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  • Writer's pictureThe Gimp

The Death of YouTube

Updated: Jan 6

In the beginning, YouTube was a platform designed for broke-ass, individual content creators to create something that was hopefully interesting and engaging online for public consumption while making money via commercial advertising. The system was structured so that advertisers and creators never communicated, with YouTube being the buffer, so that no one side had to endorse or denounce the other's products or services.

Content could be family friendly or incredibly raunchy, depending on what audience that creator wanted to service. In late 2016 things started to change, when certain channels came under fire for controversial and (I'm not going to sugarcoat it) sometimes even racist content that caught the ire of advertisers and caused some of the big names to pull their ads from the platform.

As time went on, more and more advertisers demanded that their commercials only be shown on "family friendly" content. And here we are. You say shit or fuck, and you're instantly demonetized and even screwed over on the algorithm.

In the meantime, conveniently, network television and corporate news channels started to realize that the real money to be made was switching from regular television watched by older people to the Internet, watched initially primarily by the young. These US channels are all network television and subject to censorship by the FCC and their own "standards and practices."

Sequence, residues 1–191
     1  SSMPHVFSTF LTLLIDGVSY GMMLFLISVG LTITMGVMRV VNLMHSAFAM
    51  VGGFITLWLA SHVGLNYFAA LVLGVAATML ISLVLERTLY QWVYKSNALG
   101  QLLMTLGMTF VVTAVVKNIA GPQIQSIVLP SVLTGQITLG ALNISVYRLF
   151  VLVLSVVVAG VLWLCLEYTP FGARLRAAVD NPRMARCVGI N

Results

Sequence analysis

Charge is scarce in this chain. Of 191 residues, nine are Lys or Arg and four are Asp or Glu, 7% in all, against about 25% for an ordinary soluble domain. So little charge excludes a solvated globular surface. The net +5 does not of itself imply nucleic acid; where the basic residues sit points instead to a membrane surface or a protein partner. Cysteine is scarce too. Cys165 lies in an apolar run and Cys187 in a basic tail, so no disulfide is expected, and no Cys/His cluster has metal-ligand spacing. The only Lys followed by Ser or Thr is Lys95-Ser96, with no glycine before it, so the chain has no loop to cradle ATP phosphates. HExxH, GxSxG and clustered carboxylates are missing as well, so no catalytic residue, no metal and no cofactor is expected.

As advertisers were screaming for more censorship of YouTube videos, these corporate networks were beginning to follow suit. When YouTube Premium arrived, full of all the same shit that had been soundly rejected by people who had turned to YouTube in the first place for an alternative to the madness, the censorship of the platform was in full swing.

No longer could you just speak the words you wanted to speak, even if you bleeped out the ones YouTube and some religious groups find objectionable. The use of the words alone was enough to screw up your place in the algorithm, making you less likely to get views and destroying any ad revenue opportunities.

It was a perfect storm of corporate takeover. Obviously, independent media took a giant hit specifically. If you reported on something mainstream media didn't or went against the common narrative, you were instantly demonetized.

People who staked their livelihoods on creating content that the internet public wanted to see and hear were forced to start accounts like Patreon and encourage viewers themselves to support them financially or be forced to find other sources of income, leaving their channels to waste away.

The system that started out as a means for independent content creators to create content people wanted to watch suddenly became an extension of the old exclusive cable and satellite television system. If you wanted to make an income creating content people wanted to consume, you almost had to be established enough before Adpocalypse in order for enough people to be aware of you and willing to support you for a cup of coffee a day or more.

Money talks, bullshit walks. - Michael "Ozzie" Myers

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